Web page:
As the East Carolina University baseball team prepares to open the field on February 17, the Pirates’ 2023 preseason media day has passed and the preseason is upon us.

The event lasted an hour and a half, with interviews from the coaching staff and experienced players from the program. Various points of attention were addressed during the media day activities, such as pitching rotations, planning offensive plays, retooling, positional battles, recruiting, tech updates and injuries and the aftermath of Parker Byrd’s injury and recovery.

Head Coach Cliff Godwin kicked off the event with a press conference that lasted over 20 minutes. In his opening remarks, Godwin said it seems like ECU baseball is getting more and more attention every year. This culminates in the #11 ranking awarded to the Pirates by D1Baseball in their pre-season power rankings.

“Well, I woke up this morning and went, well, I don’t think there’s been a post that’s put us in the top ten.” Coach Godwin said. “I don’t buy into that stuff.”




He went on to reminisce about last year’s group and said the difficulties at the start of the season were due to a behind-the-scenes drama unknown to the public. Coach Godwin spoke on a host of topics, including how his coaching staff pulled together in his absence when he underwent knee surgery, pre-season updates, players to watch and his experience when he heard the news of Byrd’s injury.

Coach Godwin explained how he was with a rookie but had to walk away after receiving three consecutive phone calls about Byrd’s accident. Byrd was airlifted to Greenville Hospital and when the helicopter landed Coach Godwin said he was waiting outside the hospital. Since then, Byrd’s story has been a beacon for the Pirates to rally around.

“Seeing Parker Byrd arrive at the facility with a smile on his face and training when he can, if that doesn’t put it into perspective, I don’t know if you have a pulse,” said Coach Godwin. “He makes me better, he makes our team better. Obviously, it was a very tragic moment. But of all the people it could happen to, he took it the most positively. It’s not just affecting our team, it’s affecting people across the country in a positive way.

After Coach Godwin’s speech, pitching coach Austin Knight came on the microphone to talk about pitching rotation. The biggest update that was given was not to the players themselves, but to their technology. ECU has adopted the electronic clock system for calling pitches on the mound that was popularized by Vanderbilt University last season.

Coach Knight also discussed small ways to improve his team’s shooting and said finding what works for his program. The mentality is sink or swim for Coach Knight.




“You’re trying to learn new ideas, learn something new, that can only affect one pitcher on your staff,” Coach Knight said. “Player or coach, it doesn’t matter. This game is like everything in life. You always learn something or you stagnate.

Associate Head Coach and Recruiting Coordinator Jeff Palumbo then spoke. Coach Palumbo discussed recruiting when the team used name, image, likeness, and how ECU is a program that won’t bow to compliance in its recruiting to be the highest bidder.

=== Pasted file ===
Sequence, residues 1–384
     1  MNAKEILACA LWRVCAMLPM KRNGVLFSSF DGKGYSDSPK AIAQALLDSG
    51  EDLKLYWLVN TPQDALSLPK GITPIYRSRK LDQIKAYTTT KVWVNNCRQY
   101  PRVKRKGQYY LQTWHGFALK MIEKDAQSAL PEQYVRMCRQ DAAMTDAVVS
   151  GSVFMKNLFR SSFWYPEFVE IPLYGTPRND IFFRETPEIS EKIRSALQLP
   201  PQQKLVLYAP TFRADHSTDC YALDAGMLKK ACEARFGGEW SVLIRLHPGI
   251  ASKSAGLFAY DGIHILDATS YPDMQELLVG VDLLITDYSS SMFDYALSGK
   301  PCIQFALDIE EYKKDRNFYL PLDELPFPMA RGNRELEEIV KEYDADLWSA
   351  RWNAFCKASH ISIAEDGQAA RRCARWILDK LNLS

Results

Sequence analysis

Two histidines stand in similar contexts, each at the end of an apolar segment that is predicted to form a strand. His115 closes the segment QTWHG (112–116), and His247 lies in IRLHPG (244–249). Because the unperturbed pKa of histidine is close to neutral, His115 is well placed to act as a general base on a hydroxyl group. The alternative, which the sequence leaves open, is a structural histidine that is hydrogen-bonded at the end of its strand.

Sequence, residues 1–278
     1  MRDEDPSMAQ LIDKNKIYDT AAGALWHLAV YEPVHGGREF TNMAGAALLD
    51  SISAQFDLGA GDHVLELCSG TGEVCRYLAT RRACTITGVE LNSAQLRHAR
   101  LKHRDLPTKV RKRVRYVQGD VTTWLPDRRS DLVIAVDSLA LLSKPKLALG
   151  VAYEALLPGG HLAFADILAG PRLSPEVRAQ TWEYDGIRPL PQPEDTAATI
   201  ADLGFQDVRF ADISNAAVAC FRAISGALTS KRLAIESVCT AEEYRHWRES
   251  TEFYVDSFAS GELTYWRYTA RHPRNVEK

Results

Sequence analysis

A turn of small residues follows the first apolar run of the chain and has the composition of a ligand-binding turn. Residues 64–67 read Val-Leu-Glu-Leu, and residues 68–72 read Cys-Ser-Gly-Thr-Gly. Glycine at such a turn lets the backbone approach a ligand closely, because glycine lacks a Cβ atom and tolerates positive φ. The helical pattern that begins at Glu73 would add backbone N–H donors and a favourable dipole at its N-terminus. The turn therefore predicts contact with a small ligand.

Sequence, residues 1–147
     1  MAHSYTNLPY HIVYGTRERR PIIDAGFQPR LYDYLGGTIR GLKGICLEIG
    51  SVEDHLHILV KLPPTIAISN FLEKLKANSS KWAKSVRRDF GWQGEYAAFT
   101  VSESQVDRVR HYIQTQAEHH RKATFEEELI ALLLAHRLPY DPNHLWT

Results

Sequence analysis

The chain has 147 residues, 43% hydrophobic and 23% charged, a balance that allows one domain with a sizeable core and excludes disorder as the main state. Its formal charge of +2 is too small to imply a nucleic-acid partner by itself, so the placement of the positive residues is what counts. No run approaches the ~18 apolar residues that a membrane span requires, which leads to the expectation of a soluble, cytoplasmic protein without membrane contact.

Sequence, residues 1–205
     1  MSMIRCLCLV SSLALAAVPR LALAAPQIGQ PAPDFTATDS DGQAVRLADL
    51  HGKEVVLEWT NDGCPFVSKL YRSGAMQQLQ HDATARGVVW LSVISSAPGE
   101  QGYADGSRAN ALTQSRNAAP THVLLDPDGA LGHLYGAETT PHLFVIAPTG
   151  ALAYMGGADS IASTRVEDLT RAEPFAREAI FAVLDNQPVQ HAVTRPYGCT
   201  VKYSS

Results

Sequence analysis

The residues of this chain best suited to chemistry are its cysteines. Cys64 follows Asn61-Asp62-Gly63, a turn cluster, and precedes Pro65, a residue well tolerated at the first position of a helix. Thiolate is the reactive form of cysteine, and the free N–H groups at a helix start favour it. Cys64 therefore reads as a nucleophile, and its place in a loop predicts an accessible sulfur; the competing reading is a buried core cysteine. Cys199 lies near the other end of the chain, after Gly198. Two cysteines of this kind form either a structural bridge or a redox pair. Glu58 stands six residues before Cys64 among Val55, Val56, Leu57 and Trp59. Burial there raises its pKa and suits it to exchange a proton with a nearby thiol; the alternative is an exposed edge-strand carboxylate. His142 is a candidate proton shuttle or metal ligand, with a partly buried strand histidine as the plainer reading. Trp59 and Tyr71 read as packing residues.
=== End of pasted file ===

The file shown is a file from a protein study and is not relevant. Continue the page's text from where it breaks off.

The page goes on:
Alongside the recruitment, Coach Palumbo was asked about his decision to stay at ECU despite coaching offers elsewhere in a head coaching role. The ninth-year staff member got sentimental during the discussion, saying there were layers to the decision, but above all, it was the place.

“Really, at the end of the day, we’re extremely happy with what we’re doing here,” coach Palumbo said. “We haven’t necessarily achieved the goals we want to achieve here. It’s a piece of it. We came very close to going to Omaha and winning a national championship, and we strongly believe we can achieve those goals.

Finally, the players were made to speak. Leading them, fifth-year senior pitcher Carter Spivey came out to discuss the decision to return to ECU among other options and hone his pitching craft. Next, senior pitcher Garrett Saylor talked about his relationship with Spivey, the depth of the bullpen and adding a new pitch to his pitching toolbox.

After the senior pitchers spoke, junior infielder Alec Makarewicz spoke about his hitting. Last season, Makarewicz was a switch hitter, but this season he’s looking to focus his shots on the left.

Outfielder Jacob Jenkins-Cowart spoke about his role. This season, Jenkins-Cowart is expected to move from first base to center field where, according to coach Godwin, he is able to play more shallowly due to his long strides allowing him to drop deep at all times. He was also the only player to be asked about how the previous season ended, as he was one of the most vocal and emotional players in last year’s squad.

“We were so close,” Jenkins-Cowart said. “It hurt a lot last year. There were a lot of crucial plays that could have gone either way. It’s really now that we know we’re that caliber of team and know we can do it. do, it’s just a matter of breaking down that door.

Senior outfielder Lane Hoover brought up the energy in the room, joking lightly about how often he had cavities. Cuts and buntings became a big part of Hoover’s game. He said he worked there every day to let the guys behind him work.

Finally, junior first baseman Josh Moylan ended the conversation with a dialogue about how sweet this season was and remembering to have fun.

“It’s the most important thing for me, it’s a game I’ve always enjoyed playing and still enjoy playing.” Moylan said. “Just being able to go out and have fun is the most important thing.”

The Pirates will get their first chance to have fun on Feb. 17 at 4 p.m. when the team takes on George Washington University at Clark-LeClair Stadium in Greenville, NC on Opening Day.

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